Why do labor unions resist economic restructuring and adjustment policies in some countries and in some economic sectors while they submit in other cases? And why do some labor leaders fashion more creative and effective roles for labor unions? This book addresses these critical questions in an in-depth elegant comparative study of Argentina, Mexico, and Venezuela in the 1990s. In each case, the book studies both the role of national confederations as well as individual unions in specific economic sectors in each country. It demonstrates the importance of the presence and nature of alliances between political parties and labor unions as well as the significance of competition between labor unions for the representation of the same set of workers. This work opens new horizons for appreciating the intellectual and practical importance of the variation in the interactions between workers, unions, political parties, and economic policies.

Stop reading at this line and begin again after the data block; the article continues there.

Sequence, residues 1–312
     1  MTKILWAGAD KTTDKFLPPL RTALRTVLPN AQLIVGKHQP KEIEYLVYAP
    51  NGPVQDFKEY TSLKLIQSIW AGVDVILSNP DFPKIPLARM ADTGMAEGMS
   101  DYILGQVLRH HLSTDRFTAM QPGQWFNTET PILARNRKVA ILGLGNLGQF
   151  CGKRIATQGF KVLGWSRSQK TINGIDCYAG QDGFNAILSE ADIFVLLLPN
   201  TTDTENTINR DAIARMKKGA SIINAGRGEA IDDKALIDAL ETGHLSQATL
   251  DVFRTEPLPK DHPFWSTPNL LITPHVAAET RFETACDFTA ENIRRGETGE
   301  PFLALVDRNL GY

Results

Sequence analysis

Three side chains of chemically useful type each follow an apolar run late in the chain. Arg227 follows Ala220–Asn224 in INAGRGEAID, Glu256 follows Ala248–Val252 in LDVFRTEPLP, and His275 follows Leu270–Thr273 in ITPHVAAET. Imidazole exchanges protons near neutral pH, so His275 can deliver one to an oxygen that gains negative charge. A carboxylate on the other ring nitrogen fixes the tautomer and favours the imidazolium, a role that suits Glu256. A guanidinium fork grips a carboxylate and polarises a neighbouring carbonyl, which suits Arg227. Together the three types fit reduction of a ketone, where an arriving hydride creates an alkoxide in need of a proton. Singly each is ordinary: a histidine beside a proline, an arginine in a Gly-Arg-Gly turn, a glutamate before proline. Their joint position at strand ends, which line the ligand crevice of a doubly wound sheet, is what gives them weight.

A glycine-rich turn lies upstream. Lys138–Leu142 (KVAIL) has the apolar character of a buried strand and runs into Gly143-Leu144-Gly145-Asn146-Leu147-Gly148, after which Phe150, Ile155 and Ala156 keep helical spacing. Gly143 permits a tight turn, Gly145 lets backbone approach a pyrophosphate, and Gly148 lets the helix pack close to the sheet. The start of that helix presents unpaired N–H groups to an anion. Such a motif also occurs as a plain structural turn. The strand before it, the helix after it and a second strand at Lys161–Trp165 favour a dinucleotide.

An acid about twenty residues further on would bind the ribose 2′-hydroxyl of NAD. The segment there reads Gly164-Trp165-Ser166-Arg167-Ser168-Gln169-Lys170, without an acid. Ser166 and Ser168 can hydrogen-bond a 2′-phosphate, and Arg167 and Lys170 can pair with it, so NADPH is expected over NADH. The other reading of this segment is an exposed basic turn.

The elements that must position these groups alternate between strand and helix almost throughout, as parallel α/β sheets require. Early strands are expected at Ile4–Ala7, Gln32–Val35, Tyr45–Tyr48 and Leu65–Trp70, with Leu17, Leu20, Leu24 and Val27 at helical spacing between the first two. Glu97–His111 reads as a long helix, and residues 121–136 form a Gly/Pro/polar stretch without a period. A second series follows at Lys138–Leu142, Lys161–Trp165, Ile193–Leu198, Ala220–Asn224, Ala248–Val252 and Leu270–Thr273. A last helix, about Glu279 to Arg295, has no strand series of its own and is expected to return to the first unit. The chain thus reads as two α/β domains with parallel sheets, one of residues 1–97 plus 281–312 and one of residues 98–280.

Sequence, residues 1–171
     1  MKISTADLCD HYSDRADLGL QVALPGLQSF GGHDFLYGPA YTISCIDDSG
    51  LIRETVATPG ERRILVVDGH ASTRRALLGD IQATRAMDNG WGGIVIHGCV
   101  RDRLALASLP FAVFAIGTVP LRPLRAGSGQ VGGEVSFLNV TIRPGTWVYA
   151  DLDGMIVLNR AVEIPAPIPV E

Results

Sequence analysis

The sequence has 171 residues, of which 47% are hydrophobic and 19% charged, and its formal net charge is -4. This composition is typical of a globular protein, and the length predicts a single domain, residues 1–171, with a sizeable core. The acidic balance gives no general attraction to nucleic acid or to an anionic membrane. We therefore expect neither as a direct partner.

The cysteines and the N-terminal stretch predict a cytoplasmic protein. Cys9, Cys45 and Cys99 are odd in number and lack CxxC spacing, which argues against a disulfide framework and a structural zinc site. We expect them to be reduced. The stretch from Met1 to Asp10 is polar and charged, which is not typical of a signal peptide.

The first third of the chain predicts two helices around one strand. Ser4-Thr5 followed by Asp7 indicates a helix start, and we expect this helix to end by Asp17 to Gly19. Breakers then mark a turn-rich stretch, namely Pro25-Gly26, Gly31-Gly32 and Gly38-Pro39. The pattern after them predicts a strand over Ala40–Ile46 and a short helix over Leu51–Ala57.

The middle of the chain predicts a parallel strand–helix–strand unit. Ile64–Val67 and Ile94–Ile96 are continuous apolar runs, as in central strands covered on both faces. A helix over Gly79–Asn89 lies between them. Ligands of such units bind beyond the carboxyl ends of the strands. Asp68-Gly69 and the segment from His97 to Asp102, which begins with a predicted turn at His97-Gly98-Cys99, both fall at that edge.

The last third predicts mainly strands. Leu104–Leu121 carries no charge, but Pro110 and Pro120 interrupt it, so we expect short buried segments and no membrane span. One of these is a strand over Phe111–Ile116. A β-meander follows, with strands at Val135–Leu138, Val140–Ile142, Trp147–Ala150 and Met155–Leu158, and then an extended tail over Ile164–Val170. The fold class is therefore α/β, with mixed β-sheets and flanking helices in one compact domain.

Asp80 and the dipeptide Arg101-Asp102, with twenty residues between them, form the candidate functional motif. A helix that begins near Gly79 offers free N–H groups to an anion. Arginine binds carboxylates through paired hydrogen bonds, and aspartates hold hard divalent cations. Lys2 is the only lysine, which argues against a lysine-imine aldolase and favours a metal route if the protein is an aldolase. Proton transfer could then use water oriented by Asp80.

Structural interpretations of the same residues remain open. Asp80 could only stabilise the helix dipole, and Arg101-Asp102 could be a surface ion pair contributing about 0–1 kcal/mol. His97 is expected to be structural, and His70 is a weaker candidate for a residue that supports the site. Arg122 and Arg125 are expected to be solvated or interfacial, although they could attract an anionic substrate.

1. Unions' dilemma: how to survive neoliberalism; 2. A theory of union-government interaction; 3. The populist past and its institutional legacies; 4. A tug of war: labor unions and market reforms in Venezuela; 5. Divided we rule: labor unions and market reforms in Mexico; 6. From pickets to prices: labor unions and market reform in Argentina; 7. Multilevel comparison; 8. Labor competition and partisan coalitions.